Other countries - The United States has suspended and limited the entry of aliens recently present in certain foreign jurisdictions where significant COVID-19 outbreaks have occurred. These jurisdictions include the People’s Republic of China (excluding the Special Administrative Regions of Hong Kong and Macau), the Islamic Republic of Iran, the European Schengen Area (Austria, Belgium, Czech Republic, Denmark, Estonia, Finland, France, Germany, Greece, Hungary, Iceland, Italy, Latvia, Liechtenstein, Lithuania, Luxembourg, Malta, Netherlands, Norway, Poland, Portugal, Slovakia, Slovenia, Spain, Sweden, Switzerland, Monaco, San Marino, Vatican City), the United Kingdom (excluding overseas territories outside of Europe), and the Republic of Ireland.
To learn more please visit CDC.GOV
RESTRICTIONS ON ENTRY FOR CERTAIN IMMIGRANTS
On April 22, 2020, President Trump issued a proclamation suspending the entry of any individual seeking to enter the United States as an immigrant who:
- Is outside the United States on the effective date of the proclamation;
- Does not have a valid immigrant visa as of April 23, 2020; and
- Does not have a valid official travel document as of April 23, 2020, or issued on any date thereafter.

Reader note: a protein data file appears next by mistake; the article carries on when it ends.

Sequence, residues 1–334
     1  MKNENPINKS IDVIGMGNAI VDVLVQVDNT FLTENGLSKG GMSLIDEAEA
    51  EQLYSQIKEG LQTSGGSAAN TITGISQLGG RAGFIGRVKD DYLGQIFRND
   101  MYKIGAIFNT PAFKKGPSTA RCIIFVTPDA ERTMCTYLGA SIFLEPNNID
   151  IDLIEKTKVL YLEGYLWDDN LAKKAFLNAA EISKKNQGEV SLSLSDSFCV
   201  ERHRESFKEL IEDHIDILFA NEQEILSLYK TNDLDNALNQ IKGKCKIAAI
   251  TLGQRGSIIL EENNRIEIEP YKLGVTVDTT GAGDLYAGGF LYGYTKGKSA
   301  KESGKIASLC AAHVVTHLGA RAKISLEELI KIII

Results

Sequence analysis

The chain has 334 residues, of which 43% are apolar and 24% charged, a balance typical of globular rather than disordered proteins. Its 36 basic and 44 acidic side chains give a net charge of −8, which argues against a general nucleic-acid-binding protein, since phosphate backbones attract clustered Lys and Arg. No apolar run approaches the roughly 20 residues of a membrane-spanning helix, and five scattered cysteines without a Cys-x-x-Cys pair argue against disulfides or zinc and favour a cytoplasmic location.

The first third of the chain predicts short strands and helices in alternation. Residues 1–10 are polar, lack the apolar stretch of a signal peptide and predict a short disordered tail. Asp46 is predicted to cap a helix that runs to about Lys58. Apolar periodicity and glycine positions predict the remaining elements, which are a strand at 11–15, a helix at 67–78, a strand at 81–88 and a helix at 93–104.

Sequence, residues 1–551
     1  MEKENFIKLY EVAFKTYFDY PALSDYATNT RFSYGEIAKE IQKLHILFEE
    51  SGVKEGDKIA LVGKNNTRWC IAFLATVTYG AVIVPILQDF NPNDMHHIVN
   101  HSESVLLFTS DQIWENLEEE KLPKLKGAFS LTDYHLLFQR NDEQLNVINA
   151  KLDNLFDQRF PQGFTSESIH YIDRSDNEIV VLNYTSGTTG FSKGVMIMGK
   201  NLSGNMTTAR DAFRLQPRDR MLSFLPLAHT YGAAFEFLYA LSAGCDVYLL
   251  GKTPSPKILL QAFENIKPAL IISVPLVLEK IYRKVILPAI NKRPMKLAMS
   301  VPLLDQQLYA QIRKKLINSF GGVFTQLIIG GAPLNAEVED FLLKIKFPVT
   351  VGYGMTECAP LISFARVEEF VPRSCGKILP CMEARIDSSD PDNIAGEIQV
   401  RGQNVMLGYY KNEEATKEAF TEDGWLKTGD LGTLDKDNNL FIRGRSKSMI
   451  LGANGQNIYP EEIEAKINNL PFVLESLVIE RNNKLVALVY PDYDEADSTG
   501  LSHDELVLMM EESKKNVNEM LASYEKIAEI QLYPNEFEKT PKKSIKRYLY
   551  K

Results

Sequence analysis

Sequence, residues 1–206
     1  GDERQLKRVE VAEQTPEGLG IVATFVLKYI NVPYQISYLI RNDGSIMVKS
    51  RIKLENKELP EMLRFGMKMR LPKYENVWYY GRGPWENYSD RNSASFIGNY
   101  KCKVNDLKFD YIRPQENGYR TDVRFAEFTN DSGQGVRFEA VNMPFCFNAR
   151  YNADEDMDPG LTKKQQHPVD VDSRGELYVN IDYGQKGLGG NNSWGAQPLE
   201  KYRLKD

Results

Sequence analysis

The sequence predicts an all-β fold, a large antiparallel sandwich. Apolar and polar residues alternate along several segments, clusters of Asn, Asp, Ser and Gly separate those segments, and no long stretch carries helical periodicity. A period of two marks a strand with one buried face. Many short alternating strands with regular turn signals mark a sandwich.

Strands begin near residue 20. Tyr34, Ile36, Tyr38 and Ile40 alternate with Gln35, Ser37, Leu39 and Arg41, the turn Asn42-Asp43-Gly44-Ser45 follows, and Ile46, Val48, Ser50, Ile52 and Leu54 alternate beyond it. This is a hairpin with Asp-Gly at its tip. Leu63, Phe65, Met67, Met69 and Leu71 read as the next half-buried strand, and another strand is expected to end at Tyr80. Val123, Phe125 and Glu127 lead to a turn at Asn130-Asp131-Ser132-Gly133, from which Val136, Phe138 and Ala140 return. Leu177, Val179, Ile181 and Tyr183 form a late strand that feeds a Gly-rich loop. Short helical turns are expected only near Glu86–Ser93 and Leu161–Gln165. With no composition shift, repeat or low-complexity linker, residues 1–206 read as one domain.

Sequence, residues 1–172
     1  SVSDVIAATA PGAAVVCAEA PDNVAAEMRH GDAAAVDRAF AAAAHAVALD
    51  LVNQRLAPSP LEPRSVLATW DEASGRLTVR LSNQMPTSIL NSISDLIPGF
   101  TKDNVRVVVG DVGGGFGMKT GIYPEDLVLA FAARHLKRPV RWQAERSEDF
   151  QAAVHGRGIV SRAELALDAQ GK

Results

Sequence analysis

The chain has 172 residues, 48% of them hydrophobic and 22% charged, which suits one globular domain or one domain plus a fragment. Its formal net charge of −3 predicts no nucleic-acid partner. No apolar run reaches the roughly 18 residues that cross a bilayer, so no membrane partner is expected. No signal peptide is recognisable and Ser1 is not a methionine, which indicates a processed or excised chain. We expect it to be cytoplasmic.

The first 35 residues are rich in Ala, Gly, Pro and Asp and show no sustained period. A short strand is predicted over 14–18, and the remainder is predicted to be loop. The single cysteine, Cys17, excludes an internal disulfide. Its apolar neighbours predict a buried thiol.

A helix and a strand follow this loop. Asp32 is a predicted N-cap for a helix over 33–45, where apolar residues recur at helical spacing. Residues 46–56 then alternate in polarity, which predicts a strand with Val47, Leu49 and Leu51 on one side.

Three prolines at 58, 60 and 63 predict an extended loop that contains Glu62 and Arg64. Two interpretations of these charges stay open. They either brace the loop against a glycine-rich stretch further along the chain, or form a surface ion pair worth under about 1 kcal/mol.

The proclamation went into effect on April 23, 2020, for at least 60 days. It can be extended and modified. The following categories are exempt from the proclamation:
- Lawful permanent residents (green card holders)
- Individuals, and their spouses and children, seeking to enter the U.S. on an immigrant visa as a physician, nurse, or other healthcare professional; to perform medical research or other work essential to combatting COVID-19 (as determined by the Department of Homeland Security (DHS) and the Department of State (DOS))
- Individuals applying for a visa to enter the U.S. pursuant to the EB-5 immigrant investor visa program
- Spouses and children under the age of 21 of U.S. citizens, including prospective adoptees on an IR-4 or IH-4 visa
- Individuals who would further important U.S. law enforcement objectives (as determined by DHS and DOS)
- Members of the U.S. Armed Forces and their spouses and children
- Afghan and Iraqi nationals who were translators/interpreters or employed by the U.S. government and their spouses or children seeking entry pursuant to a Special Immigrant Visa
- Individuals whose entry would be in the national interest (as determined by DHS and DOS)
Nonimmigrant Visa Holders Are NOT Prohibited from Coming to the U.S. by the Proclamation
If you have concerns about how these new regulations may affect your current or future plans please contact our office immediately for a consultation. These are challenging times and we are here to help.
Solimar Santos, Esq.
Florida Bar Board Certified Specialist in Immigration and Nationality Law
201 S. Biscayne Blvd., Suite 800
Miami, Florida 33131